Commonwealth Games 2014Rekindle the Olympic spirit in Glasgow!
HomeAway travel expert
If you don’t live in Scotland, the hype may not quite have hit the same feverish levels: but with less than a year to go, those north of the border are brimming with anticipation for the renowned Commonwealth Games. The event returns to the country for the first time since Edinburgh played host way back in 1986, and with the watching eyes of the world focused on Britain’s second city, the levels of organisation since the announcement have been nothing short of immense. For 11 days, this already-vibrant city will burst to life, as spectators flock to see their sporting idols in action across 17 different events.
The Games are set to unfold at several different venues across Glasgow itself, as well as a handful that will take place beyond the city limits in surrounding areas. The scramble for tickets has been well documented, but even if you’ve not been lucky enough to get your hands on them, a visit to soak up the atmosphere alone will be worth it come September 2014. With accommodation certain to be at a premium, be sure check out HomeAway’s selection of rentals in Glasgow to find the ideal base for your visit. Before you book, though, take a peek at our guide to what you can expect when you arrive.
Glasgow: all you need to know
Glasgow has been firmly established as a fine sporting city for decades now, but since the announcement that the Commonwealth Games were heading its way, its athletics armoury has been bolstered even further. The Emirates Arena is the most noteworthy addition, located just a stone’s throw from opening ceremony venue Celtic Park in the east end. Ibrox Stadium, home of Rangers Football Club, will provide the setting for the rugby sevens, while infamous national stadium Hampden is being converted to accommodate athletic events and the closing ceremony. A few short miles away lies the pleasant Strathclyde Country Park, for the duration of the Games the host of the triathlon event.
If you’re suffering from sporting overload, you needn’t worry - Glasgow is awash with attractions and activities to keep visitors of all ages entertained for the duration of their stay. The area around the SECC - designated venue for the wrestling, judo and boxing competitions - is particularly bustling, not least the state-of-the-art Science Centre that lays by the river. Scottish weather is notoriously unpredictable, but if the sun rears its head, don’t miss the chance to sprawl out in the beautiful Kelvingrove Park, where the lawn bowls will take place. The breathtaking museum of the same name is a must-see for any lovers of art and culture, as is the Gallery of Modern Art in the beating heart of the city. For an insight into traditional Glasgow life, the People’s Palace is a fascinating venture, whilst the Botanical Garden is a tranquil oasis to while away a few hours.
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Glasgow has a reputation as Scotland's party capital, and it’s fair to say the locals are only too happy to live up to the tag. As such, you’ll never find yourself at a loss for bars and nightclubs in which to unwind after a day’s sporting drama. Bath Street and Sauchiehall Street in the city centre offer the most diverse range of venues, but if you want to sample the more sophisticated side of the city, hop on the underground to Ashton Lane. The quaint, cobbled street is like a step back in time, flanked by traditional pubs and a smattering of modern but tasteful drinking dens. The more central Merchant City area, meanwhile, is an increasingly popular haunt for its selection of chic and upmarket late-night hotspots.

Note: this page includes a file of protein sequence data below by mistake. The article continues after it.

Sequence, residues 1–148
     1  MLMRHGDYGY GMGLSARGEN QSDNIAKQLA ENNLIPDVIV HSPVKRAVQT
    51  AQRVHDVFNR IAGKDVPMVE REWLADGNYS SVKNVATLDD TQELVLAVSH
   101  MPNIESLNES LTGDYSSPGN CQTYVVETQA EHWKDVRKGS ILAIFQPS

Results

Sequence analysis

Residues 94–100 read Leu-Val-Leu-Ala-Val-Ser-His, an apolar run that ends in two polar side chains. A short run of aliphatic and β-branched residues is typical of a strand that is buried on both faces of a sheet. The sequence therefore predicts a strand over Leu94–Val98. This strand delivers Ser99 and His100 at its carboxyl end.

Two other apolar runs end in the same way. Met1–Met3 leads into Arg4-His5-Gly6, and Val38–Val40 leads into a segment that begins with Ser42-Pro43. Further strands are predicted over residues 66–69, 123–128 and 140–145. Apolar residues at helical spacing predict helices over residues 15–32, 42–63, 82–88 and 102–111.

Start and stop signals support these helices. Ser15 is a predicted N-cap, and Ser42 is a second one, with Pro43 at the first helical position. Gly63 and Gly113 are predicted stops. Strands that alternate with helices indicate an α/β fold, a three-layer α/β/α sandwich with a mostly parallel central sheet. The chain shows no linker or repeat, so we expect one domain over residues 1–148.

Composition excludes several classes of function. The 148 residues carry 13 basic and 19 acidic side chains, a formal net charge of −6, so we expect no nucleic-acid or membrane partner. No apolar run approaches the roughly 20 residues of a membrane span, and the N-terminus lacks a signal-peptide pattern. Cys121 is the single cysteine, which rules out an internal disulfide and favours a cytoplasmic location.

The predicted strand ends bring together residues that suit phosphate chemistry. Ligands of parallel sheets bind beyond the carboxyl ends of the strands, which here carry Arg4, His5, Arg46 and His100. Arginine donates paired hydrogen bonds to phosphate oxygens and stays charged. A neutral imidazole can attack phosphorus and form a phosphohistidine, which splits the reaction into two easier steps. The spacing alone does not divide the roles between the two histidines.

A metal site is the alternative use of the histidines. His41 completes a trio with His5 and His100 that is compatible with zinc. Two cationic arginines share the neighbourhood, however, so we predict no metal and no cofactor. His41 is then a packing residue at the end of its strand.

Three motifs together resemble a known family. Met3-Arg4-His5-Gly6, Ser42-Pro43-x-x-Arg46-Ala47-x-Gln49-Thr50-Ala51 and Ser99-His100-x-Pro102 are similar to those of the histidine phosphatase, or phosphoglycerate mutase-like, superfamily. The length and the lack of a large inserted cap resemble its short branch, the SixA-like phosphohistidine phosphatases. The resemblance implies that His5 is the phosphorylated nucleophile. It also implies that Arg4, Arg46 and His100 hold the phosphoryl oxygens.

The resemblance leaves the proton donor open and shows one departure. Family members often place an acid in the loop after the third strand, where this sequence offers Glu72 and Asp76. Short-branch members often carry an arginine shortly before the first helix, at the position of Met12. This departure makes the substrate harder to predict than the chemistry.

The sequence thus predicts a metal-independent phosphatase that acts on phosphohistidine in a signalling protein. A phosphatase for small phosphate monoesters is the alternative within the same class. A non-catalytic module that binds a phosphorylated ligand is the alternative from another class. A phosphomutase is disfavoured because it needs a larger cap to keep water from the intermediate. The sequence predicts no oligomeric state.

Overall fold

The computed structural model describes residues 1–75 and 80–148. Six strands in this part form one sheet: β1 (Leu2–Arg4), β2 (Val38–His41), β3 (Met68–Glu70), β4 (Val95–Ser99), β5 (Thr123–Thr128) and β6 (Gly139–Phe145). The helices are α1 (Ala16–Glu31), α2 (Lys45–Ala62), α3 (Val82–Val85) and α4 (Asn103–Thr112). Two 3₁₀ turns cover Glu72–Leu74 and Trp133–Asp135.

Any shopaholic knows that one of the great pleasures in visiting somewhere new is scoping out what they have to offer in the retail stake. Thankfully, Glasgow holds its own against some of the country’s finest. The aptly monikered “Style Mile” of Buchanan Street is the place to be for fans of designer labels, particularly the upmarket boutiques and jewellers that populate the architecturally-stunning Princes Square. More wallet-friendly outlets can be found in Buchanan Galleries and Argyle Street, but if you want a truly unique souvenir, head for the vintage shops around the west end. Any bargain hunters with nerves of steel may also wish to try their luck in the famous and disorientating Barras market.
It’s often said that visitors to Scotland should come to Glasgow for the party and Edinburgh for the culture: and with the capital city less than an hour away by train, it’d be criminal not to spend at least a day there. A wealth of rich - often bloody - history awaits you as you manoeuvre up the majestic Royal Mile towards the ominous castle that looms large over the city, at the peak of a volcanic rock. Keep active with a hike up Arthur’s Seat, where you can enjoy a bird’s eye view of the city and across the River Forth to Fife. Any ghouls in your party will relish one of the many ghost tours that operate throughout the centre, with the claustrophobic Mary King’s Close a particular favourite, while a visit to Britain’s only pandas at the local Zoo will live long in the memory.